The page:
Boeing has joined forces with rival aircraft manufacturer Airbus in criticising the controversial European Union emissions trading scheme (ETS).
The two aviation giants have joined a growing number of nations that have also expressed concerns about the scheme and threatened to take retaliatory measures against the EU.
At an airline industry meeting in Geneva yesterday, Airbus CEO Tom Enders, stated that the Chinese have frozen orders for several planes worth up to US$14 billion, putting up to 2,000 jobs at risk.
Enders said a carbon trade war would be "very damaging" and called for ETS to be suspended for "a year or two" to allow a global system of dealing with carbon emissions to be agreed.
"It’s appalling to see with what stubornness the European Commission insists on ETS,” said Enders. “It will do nothing but induce strife, conflict, fragmentation of international air traffic, retaliation and counter retaliations.”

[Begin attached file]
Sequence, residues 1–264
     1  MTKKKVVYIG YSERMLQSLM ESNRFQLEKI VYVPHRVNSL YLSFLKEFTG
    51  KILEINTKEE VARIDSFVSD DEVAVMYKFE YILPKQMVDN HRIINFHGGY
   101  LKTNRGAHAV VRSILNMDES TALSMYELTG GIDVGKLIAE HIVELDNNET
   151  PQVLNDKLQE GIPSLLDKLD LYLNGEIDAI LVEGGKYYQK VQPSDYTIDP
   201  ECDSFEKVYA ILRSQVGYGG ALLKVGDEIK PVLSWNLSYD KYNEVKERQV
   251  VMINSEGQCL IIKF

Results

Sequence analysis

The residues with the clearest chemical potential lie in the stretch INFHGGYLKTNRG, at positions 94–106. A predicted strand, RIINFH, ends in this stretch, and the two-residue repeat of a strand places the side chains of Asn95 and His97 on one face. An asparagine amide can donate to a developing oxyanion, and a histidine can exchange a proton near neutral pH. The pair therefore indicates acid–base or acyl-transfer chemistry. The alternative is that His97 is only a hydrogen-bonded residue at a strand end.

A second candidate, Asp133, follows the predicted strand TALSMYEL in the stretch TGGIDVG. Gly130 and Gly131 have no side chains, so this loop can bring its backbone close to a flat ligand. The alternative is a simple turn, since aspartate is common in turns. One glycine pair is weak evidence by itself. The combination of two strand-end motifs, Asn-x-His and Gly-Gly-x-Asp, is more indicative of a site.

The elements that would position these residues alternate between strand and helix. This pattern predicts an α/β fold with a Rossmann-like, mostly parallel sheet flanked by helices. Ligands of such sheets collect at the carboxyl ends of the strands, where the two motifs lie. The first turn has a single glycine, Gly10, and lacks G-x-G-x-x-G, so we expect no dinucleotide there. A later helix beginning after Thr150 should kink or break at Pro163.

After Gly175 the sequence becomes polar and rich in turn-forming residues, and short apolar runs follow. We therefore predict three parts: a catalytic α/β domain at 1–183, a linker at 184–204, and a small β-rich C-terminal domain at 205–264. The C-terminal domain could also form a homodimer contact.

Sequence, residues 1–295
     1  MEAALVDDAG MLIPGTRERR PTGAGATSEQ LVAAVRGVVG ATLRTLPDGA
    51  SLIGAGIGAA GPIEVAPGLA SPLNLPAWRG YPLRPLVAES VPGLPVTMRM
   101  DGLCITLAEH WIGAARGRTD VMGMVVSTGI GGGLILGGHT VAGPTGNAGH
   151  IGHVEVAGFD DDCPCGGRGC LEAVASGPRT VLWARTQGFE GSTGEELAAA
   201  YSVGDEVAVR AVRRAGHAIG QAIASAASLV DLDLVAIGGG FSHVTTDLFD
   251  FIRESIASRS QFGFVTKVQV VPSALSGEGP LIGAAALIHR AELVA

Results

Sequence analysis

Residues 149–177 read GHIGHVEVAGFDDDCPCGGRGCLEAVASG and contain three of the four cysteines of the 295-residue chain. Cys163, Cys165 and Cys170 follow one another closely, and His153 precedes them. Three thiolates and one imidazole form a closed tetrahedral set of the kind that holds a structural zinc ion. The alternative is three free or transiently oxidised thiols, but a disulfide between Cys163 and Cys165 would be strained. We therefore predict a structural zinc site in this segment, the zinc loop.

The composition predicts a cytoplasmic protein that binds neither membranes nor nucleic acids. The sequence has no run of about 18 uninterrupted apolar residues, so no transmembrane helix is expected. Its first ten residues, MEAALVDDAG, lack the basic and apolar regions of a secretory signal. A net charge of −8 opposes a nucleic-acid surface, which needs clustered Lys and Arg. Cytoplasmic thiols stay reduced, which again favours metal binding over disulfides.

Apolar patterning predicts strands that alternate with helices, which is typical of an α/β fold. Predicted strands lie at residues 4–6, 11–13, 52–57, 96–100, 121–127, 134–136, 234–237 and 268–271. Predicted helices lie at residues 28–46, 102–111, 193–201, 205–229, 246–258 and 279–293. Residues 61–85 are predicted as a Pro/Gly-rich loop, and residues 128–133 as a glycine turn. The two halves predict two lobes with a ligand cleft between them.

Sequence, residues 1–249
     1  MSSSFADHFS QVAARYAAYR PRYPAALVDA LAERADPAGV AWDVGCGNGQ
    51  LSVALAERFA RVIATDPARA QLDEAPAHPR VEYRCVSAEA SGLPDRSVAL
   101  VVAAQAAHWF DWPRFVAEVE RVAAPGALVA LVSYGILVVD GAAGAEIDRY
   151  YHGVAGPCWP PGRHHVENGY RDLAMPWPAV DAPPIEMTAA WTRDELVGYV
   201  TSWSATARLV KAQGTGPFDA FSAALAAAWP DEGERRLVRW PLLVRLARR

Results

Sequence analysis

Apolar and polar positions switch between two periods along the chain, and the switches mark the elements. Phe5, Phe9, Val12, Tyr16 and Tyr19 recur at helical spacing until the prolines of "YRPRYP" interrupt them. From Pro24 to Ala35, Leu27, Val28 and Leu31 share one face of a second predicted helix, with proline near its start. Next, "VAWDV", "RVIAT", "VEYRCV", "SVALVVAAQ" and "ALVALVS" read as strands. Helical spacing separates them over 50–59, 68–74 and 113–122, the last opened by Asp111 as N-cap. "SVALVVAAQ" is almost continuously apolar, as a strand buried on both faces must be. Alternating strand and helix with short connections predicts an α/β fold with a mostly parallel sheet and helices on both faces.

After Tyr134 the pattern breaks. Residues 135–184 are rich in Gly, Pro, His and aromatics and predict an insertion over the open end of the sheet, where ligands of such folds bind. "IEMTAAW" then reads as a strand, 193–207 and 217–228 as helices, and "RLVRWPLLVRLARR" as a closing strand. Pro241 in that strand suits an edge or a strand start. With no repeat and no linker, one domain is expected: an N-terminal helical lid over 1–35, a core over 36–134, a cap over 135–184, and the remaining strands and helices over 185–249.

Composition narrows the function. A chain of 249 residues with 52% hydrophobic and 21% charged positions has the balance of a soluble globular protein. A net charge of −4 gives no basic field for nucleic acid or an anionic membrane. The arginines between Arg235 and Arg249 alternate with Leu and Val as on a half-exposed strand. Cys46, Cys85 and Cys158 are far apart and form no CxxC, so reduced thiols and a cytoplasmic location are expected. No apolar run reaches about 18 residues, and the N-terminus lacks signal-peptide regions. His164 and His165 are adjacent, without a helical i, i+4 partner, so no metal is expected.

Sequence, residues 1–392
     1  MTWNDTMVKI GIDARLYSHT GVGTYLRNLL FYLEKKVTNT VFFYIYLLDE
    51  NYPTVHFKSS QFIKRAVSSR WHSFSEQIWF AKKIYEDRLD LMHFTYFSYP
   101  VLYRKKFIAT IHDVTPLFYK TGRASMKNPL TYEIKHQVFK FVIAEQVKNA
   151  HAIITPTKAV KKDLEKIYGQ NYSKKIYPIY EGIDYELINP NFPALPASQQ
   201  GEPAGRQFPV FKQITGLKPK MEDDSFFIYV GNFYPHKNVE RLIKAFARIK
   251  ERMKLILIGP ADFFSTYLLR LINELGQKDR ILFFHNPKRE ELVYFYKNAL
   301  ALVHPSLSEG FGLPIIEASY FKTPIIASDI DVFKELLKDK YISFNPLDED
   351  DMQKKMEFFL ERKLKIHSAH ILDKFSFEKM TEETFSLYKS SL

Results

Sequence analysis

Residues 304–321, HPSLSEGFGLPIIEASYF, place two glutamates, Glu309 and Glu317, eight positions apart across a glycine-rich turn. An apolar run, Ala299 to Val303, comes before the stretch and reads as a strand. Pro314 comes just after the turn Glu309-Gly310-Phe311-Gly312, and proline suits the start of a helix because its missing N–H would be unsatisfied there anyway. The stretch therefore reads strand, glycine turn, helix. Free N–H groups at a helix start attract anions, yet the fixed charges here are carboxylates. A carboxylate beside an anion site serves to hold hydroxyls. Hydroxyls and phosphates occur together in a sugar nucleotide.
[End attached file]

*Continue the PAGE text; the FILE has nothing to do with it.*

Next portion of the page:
Boeing CEO Jim Albaugh added: "It is not about Boeing and Airbus; it is about what is best for our customers and how we are going to get the whole industry to reduce its environmental footprint.
“I don’t think the European ETS approach is the right one. We need to have a standstill on this and work with ICAO and get some international rules in place that everyone can sign up to."
So far, China has prohibited its airlines from participating in the ETS , while India is contemplating making a similar move. South Africa has also expressed its discontent alongside the US and Russia.
Read Stanley Slaughter's analysis on the impact of ETS by clicking here